The Rev. Dennis A. Wright, director of Utah Missions Inc., a division of Watchman Fellowship, spoke at Northside Baptist for four days. "Friends, you can talk to a Jehovah's Witness. You can talk to a Mormon," said Wright, who referred to Watchman Fellowship "tools" for easing such encounters.
The Jesus of Mormons and of Jehovah's Witnesses is not the Jesus of the Bible, he told a congregation of about 40 meeting for Northside Baptist's casual Saturday evening service Sept. 6.
Those whose beliefs have been labeled counterfeit are not terribly dismayed by this type of talk.
"We absolutely believe that we are Christian," said Joseph Meyers, president of the St. Petersburg Stake of the Church of Jesus Christ of Latter-day Saints.
"We generally figure that those who don't understand or are misinformed may take the label of "Mormon church' and misconstrue us. The correct name of our church is the Church of Jesus Christ of Latter-day Saints, and our fundamental doctrines and beliefs are centered in Jesus Christ."
A Jehovah's Witness spokesman, Robert R. Mackey, said he refuses to be drawn into "doctrinal discussions that lead nowhere."
"We focus only on one thing and that's emulating Jesus Christ in our attitude and conduct, and we accept the responsibility he outlined in Matthew 24:14," Mackey said.
"Our work is a positive one, enlightening people of the times in which we live and of the promise contained in the Lord's Prayer that "thy kingdom come, thy will be done' will one day become a reality."
Jehovah's Witnesses "deny the doctrine of the Trinity" and have a concept of Jesus that's different from that of traditional Christianity, Watchman Fellowship's president said. They believe that God "created an angel called Michael, who was born in Bethlehem and became Jesus," he said.
Watchman Fellowship also points to the group's aversion to blood transfusions and its prophesies about Armageddon.
Walker, 48, one of five Watchman Fellowship speakers who came to talk at churches from St. Petersburg to New Port Richey, is a former Mormon. He said Watchman Fellowship helped him to make the transition to traditional Christianity. He first worked for the organization as a volunteer, then joined its paid staff in 1984. Ten years later, he became president.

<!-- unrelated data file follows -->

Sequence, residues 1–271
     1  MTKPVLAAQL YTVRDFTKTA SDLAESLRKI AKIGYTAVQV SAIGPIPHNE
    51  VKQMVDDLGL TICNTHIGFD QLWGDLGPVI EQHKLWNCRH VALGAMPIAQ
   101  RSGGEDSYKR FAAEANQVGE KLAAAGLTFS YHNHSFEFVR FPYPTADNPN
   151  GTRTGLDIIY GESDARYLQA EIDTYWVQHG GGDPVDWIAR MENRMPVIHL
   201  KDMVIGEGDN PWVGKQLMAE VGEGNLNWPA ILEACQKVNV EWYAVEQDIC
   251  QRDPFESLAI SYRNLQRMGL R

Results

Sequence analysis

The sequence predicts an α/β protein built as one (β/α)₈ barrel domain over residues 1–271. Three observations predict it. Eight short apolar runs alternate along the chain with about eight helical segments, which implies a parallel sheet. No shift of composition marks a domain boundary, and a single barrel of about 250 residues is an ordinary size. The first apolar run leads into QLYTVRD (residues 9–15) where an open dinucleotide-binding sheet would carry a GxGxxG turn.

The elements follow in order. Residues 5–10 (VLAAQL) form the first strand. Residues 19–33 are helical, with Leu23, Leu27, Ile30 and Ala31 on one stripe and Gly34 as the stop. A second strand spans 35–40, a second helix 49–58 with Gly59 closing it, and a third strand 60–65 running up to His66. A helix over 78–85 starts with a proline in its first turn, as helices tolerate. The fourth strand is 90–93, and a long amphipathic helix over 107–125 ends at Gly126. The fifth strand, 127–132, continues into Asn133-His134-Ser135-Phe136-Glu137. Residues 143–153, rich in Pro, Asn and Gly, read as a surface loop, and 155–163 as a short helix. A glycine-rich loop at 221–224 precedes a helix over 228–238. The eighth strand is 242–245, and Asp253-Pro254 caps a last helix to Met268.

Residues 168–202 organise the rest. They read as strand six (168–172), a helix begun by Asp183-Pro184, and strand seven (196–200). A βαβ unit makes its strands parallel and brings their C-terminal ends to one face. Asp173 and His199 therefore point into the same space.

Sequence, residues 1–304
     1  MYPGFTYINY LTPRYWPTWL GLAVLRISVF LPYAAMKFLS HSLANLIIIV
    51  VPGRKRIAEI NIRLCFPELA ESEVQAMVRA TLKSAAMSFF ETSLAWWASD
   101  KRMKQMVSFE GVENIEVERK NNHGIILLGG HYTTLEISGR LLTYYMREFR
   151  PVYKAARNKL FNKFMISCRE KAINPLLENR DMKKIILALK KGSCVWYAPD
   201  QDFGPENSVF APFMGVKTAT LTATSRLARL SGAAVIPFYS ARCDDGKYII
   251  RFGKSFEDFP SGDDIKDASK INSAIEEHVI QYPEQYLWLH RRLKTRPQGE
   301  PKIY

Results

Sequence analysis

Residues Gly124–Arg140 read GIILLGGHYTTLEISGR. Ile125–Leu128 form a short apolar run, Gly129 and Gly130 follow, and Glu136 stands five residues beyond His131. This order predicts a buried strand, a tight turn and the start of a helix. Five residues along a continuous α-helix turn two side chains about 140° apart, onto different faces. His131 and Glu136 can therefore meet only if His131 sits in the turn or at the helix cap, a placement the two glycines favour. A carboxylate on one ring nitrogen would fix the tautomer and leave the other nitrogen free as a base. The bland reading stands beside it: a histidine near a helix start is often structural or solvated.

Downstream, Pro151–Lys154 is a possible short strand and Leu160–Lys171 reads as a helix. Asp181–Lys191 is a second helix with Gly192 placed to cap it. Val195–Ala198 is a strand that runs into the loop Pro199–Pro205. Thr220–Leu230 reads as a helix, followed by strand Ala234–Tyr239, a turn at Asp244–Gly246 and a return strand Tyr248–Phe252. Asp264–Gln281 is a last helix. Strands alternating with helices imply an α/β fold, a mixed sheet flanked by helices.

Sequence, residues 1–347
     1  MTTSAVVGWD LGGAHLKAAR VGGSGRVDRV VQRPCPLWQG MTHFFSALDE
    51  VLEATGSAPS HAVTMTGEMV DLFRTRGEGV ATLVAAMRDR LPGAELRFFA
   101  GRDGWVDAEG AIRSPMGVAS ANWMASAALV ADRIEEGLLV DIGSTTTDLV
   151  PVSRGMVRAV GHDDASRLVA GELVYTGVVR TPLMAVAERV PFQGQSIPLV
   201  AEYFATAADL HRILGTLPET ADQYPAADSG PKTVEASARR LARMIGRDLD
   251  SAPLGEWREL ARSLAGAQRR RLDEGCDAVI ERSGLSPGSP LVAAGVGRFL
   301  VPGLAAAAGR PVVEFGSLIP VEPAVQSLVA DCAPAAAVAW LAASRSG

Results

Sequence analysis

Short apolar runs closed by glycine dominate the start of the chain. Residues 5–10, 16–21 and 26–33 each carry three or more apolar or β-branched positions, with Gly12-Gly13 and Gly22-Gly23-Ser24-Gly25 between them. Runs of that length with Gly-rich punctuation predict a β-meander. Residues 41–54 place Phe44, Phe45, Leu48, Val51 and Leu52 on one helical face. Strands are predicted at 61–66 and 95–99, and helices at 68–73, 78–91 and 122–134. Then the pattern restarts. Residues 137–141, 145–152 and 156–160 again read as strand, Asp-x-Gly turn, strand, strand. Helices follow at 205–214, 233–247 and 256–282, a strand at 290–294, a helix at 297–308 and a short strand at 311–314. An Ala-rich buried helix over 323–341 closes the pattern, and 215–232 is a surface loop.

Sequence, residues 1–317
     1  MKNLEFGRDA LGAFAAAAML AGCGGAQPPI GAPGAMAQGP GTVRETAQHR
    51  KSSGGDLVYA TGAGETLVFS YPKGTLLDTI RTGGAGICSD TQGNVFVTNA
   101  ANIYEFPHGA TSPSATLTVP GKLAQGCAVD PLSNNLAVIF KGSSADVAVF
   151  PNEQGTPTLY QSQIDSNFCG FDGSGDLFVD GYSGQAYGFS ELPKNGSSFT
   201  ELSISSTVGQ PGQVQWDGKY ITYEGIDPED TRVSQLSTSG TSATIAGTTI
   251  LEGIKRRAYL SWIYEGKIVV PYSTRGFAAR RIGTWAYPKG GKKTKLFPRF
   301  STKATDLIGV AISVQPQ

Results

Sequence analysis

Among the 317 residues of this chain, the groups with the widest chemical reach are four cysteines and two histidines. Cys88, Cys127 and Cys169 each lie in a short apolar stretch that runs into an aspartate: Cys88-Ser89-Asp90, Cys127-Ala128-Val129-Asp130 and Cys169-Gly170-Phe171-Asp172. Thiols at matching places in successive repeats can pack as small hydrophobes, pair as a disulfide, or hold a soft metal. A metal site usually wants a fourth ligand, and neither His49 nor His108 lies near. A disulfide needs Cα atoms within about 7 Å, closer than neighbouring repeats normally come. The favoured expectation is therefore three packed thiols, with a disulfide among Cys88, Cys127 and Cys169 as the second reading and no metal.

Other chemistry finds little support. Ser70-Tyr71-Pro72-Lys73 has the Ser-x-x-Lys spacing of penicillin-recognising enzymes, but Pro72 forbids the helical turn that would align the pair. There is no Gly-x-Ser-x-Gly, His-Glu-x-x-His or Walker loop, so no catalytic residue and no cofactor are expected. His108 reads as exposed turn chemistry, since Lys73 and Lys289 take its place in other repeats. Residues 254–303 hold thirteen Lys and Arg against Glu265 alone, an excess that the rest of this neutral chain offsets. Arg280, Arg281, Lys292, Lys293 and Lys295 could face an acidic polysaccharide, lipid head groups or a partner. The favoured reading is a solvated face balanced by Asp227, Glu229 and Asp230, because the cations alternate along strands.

Mormons believe that God was once a man on another planet who worshiped another god, Walker said.
"After his death, he was such a good man that the other gods allowed him to be a god," he said.
"He's God of planet Earth. There are other gods and other Earths. They teach that he is married, that there's not only a heavenly father, but there is a heavenly mother, and they teach that God and his wife have billions of spirit children through procreation."
Meyers, the local Mormon spokesman, said: "We do believe in a corporeal God, meaning a god that has a tangible body.
"We believe that Jesus has a tangible body today, a glorified resurrected body, and believe that the father also has a glorified resurrected body and that they will never die. We believe that the Holy Ghost is a personage of spirit."
As for New Age spirituality, Walker said it "borrows a lot from Asian religion, the belief in past lives and reincarnation."
He said the Beatles helped make these beliefs popular. More recently, he said, it has been Oprah and her promotion of "key New Age movers and shakers."